The increase in CO₂ emissions seems unstoppable. Even with the global shutdowns in human activity caused by the COVID-19 pandemic, in 2020 the level of CO₂ in the atmosphere again reached a new record high not seen in the last four million years, scientists estimate. If progress on a global scale towards using alternative energy sources or slowing the pace of industrial development seem to be superhuman tasks, scientists and engineers have proposed systems to take this gas out of the atmosphere. Forever.
It is what is known as carbon capture and storage (CCUS technologies). New specially designed power plants are able to avoid the emission into the atmosphere of the CO₂ produced. The gas can then be captured and injected into geological repositories, such as exhausted oilfields, for permanent storage.
However, the idea of injecting gases into the subsurface is not without its critics. Seismic events like those that happened in September last year in the natural gas reservoir of the Castor project off the coast of Castellón have raised concerns in the neighboring towns, such as the fear that a massive leak could occur with lethal consequences. Innovative projects could solve these problems by changing the fate of the captured CO₂ from simply being stored into becoming raw material.
This is probably the most obvious option: perhaps 3.4 billion years ago, nature invented photosynthesis, a system that uses CO₂ as a raw material to make life. And given that deforestation and land use change are among the main contributors to greenhouse gas emissions, why not take advantage of this natural wonder to remove CO₂ from the atmosphere?
There are countless initiatives that seek to fix CO₂ in the form of plant matter, from classic reforestation to the construction of “green walls.” But caution is warranted since experts warn that not all ideas pass scientific scrutiny and may actually do more harm than good. As far as reforestation is concerned, the proposals with the most support in the scientific community involve facilitating the natural restoration of forests that have disappeared or enriching existing forest stands.
Like plants, most algae are photosynthetic organisms. Taking advantage of this property, technology is looking to use microscopic algae to convert CO₂ into hydrocarbons, which can be used as feedstock in the production of plastics or fuels. Numerous petrochemical companies have been investing in the development of this technology. A recent report from Utah State University in the USA estimates that the cultivation of microalgae can produce 50 times more fuel per acre than soybeans. These facilities can be built on land that is unfit for agriculture and thus do not compete for soil, and they use non-potable or even brackish water.
Instead of using atmospheric carbon dioxide, these algae growing facilities can be coupled to power plants with CO₂ capture. If these power plants also use the biofuel generated by the algae and other sources, the resulting cycle can cause what are known as negative emissions, removing CO₂ from the atmosphere while producing energy.
Another way for nature to get rid of CO₂ is to turn it into rock, although this chemical process requires enormous periods of time. Several companies, such as Calera or Skyonic, have chosen to accelerate the reactions, in some cases using waste products from other chemical industries or producing secondary compounds that are also marketable, such as sodium bicarbonate, and that help them to achieve greater profitability.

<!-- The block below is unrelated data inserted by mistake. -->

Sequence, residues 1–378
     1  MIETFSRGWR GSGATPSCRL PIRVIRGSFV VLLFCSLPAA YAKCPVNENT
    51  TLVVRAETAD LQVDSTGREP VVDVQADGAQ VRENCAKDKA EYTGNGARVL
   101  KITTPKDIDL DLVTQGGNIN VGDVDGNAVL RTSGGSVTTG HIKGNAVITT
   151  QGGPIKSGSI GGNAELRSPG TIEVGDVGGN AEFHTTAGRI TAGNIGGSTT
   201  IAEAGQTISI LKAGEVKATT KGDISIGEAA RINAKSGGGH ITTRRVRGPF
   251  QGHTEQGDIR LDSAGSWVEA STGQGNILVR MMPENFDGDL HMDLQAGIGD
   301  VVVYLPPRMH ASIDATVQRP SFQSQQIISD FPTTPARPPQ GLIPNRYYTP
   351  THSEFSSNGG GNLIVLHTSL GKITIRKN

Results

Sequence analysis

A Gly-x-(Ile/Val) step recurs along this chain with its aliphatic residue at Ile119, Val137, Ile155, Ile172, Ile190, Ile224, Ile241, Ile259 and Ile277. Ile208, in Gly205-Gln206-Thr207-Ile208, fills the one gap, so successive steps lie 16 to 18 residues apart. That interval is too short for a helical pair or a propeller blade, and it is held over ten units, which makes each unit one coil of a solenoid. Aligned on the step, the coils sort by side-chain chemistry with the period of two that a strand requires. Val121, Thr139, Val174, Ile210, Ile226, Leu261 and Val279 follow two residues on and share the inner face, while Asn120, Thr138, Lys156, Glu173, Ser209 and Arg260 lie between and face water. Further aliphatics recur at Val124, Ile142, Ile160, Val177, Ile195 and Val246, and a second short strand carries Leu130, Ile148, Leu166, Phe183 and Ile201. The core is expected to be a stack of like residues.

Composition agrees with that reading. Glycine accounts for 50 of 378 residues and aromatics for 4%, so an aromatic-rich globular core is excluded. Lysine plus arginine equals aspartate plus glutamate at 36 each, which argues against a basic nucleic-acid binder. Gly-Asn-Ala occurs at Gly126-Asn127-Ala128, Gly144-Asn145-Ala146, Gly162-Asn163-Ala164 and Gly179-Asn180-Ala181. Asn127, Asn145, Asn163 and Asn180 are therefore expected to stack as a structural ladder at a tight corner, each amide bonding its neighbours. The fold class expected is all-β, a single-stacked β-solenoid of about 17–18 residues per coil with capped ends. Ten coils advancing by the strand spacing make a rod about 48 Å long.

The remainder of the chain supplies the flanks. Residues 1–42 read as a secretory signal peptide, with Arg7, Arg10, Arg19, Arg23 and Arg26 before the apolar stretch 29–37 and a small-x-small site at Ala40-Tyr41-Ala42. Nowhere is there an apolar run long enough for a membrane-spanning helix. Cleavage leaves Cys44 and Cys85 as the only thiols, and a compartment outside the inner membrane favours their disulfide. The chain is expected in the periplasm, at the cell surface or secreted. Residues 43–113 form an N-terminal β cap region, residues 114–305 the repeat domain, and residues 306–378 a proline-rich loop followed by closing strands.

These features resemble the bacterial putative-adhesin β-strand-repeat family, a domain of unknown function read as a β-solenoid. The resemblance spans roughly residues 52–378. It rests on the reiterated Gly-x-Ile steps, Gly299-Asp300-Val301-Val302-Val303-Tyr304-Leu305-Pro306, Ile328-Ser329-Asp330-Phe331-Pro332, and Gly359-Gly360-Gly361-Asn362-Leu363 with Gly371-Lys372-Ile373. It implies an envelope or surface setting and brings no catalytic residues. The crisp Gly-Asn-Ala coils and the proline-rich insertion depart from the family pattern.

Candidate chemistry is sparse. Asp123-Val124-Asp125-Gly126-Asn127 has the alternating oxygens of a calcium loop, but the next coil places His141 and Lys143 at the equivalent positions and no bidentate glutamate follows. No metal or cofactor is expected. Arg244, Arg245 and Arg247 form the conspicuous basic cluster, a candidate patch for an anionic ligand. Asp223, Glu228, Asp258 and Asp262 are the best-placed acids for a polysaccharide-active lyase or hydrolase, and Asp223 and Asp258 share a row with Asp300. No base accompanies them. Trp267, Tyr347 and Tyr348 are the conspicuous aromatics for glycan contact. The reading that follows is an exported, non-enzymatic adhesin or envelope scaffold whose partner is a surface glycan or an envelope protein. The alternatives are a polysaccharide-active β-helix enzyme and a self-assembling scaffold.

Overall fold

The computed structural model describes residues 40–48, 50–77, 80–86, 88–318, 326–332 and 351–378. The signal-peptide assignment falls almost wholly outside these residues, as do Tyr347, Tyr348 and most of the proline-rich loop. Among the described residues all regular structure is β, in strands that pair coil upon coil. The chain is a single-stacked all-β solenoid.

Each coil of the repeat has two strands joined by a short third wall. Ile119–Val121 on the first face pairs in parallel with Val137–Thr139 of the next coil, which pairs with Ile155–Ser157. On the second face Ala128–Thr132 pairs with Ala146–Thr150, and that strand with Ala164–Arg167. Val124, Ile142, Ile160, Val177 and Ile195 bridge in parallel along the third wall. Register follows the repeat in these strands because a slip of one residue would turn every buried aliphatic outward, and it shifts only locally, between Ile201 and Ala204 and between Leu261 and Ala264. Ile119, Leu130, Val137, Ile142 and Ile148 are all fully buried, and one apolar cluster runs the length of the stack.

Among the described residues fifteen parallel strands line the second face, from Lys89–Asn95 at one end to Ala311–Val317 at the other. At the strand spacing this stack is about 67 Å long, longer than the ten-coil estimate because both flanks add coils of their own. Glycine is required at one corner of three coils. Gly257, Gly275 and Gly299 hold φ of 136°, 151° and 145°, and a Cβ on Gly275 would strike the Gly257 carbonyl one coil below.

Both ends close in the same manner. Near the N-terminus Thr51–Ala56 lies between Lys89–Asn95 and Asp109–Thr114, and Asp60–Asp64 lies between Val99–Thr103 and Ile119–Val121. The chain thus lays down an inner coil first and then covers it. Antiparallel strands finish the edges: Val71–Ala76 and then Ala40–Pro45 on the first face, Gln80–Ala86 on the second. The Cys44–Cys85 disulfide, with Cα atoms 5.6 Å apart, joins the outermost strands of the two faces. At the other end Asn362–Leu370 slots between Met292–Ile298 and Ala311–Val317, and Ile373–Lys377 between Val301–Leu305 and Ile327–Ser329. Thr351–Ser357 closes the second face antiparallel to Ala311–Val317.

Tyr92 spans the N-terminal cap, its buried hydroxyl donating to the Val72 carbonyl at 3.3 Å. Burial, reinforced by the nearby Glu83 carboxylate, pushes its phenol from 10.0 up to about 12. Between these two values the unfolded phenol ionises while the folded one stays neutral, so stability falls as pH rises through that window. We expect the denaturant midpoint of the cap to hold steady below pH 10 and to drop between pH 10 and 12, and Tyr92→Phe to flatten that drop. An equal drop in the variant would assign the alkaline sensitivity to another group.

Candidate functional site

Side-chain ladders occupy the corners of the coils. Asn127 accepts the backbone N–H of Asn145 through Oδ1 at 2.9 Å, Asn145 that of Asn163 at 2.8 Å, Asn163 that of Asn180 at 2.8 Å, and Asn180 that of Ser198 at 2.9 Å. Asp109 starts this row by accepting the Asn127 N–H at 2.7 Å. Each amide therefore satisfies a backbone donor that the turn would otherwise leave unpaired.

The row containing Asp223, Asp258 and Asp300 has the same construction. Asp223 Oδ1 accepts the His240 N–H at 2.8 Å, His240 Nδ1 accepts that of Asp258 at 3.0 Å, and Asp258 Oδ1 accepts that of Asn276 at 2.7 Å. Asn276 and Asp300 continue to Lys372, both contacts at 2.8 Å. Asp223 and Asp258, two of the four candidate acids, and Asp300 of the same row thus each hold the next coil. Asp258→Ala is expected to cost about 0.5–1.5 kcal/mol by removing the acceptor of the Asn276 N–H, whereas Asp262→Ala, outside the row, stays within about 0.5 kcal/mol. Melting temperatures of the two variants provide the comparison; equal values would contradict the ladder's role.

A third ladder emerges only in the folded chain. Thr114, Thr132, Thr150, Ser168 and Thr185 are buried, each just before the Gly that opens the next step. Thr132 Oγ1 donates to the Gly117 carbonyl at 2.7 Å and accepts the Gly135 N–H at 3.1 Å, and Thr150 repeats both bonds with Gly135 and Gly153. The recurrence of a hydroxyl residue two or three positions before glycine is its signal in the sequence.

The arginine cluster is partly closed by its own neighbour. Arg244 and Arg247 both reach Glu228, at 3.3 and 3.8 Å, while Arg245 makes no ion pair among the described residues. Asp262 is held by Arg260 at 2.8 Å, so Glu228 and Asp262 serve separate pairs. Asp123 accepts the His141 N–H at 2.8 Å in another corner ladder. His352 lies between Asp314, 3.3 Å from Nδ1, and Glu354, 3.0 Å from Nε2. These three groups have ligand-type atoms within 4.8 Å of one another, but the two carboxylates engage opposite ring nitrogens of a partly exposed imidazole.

The calcium carbonate obtained can be used as raw materials in the construction industry, for example in the production of cement. Another company, CarbonCure, has also opted for cement but with another approach: injecting the CO₂ into the production of concrete blocks so that it is captured and the carbonation occurs within this confinement.
Manufacture of materials and fuels
In addition to algae, chemical processes can be used to convert CO₂ into carbon materials of various kinds. To do this, it is first necessary to capture the gas—the raw material. This can be done, as mentioned above, directly from the atmosphere or from production processes or power generation plants, from biomass for example.
The VTT Technical Research Centre of Finland is working on a project to convert this carbon dioxide into polyols, organic alcohols which in turn serve as feedstock in the manufacture of polyurethane materials, such as adhesive foams or thermal insulators for construction. The hydrogen needed to reduce the oxidised carbon will be produced by renewable energies or obtained from industrial by-products. The European Carbon4PUR project is working along similar lines, collecting CO₂from steel mills to make polyurethane plastics.
These projects are part of an active field of research which, in a more generic way, deals with the manufacture of different types of industrial materials, combustible hydrocarbons or fertilisers such as urea, but also synthetic textile fibres for the manufacture of technical sports or safety clothing, or even graphene, a high-tech material with multiple applications.
Processes for converting CO₂ into various industrial materials or fuels are based on the use of chemical catalysts or the photosynthetic capacity of biological organisms such as algae or genetically modified microbes. In a separate initiative, numerous research groups are working on emulating natural photosynthesis through artificial systems that use light as an energy source.
For example, the German CarbonCat project has designed a micro-reactor equipped with LED lights that illuminate a chemically modified diamond photocatalyst. Like natural plant photosynthesis, the process uses CO₂ as a carbon source and water as a hydrogen source. The ultimate goal of the researchers is to apply the microreactor to methanol production as a demonstration of its feasibility.
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